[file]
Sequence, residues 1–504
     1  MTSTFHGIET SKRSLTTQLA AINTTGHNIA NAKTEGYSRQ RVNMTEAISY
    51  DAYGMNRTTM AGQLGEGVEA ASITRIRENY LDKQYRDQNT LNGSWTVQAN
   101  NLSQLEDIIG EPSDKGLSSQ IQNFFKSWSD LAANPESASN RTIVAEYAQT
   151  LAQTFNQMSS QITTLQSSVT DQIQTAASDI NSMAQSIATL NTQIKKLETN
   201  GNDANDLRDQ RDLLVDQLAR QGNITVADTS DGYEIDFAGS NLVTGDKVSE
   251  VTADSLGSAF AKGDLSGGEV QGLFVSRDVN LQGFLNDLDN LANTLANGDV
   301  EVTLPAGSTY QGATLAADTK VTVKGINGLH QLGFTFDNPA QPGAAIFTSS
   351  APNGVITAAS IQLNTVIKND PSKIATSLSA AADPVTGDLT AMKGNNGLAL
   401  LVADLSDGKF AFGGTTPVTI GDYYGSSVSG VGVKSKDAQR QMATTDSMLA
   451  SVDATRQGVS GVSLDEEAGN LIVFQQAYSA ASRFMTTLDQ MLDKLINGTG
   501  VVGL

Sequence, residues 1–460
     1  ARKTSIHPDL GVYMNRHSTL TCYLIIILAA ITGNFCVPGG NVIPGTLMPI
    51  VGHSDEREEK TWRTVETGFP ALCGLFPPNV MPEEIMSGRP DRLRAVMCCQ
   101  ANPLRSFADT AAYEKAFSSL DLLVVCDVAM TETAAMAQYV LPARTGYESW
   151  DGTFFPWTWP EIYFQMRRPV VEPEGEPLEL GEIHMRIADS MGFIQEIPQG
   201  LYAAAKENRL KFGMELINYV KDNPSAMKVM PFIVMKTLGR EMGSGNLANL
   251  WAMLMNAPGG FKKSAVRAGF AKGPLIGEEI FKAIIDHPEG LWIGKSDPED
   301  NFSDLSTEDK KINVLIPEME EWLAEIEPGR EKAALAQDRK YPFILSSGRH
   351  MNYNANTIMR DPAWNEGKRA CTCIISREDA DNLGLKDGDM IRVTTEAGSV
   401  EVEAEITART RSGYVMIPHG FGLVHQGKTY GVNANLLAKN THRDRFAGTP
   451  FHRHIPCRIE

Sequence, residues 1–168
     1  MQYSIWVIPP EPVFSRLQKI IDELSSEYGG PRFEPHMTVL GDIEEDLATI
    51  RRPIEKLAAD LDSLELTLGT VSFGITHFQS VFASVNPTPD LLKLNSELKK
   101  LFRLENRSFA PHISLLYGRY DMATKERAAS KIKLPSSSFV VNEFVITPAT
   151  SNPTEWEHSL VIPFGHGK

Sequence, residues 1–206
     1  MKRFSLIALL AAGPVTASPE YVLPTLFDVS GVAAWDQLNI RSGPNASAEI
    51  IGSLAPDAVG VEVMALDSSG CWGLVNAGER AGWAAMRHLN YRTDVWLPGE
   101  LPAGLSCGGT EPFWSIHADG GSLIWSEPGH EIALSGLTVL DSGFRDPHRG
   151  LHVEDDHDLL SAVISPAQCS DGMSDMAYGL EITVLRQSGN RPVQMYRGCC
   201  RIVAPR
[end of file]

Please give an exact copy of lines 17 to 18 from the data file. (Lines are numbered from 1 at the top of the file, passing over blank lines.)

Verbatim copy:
   151  DGTFFPWTWP EIYFQMRRPV VEPEGEPLEL GEIHMRIADS MGFIQEIPQG
   201  LYAAAKENRL KFGMELINYV KDNPSAMKVM PFIVMKTLGR EMGSGNLANL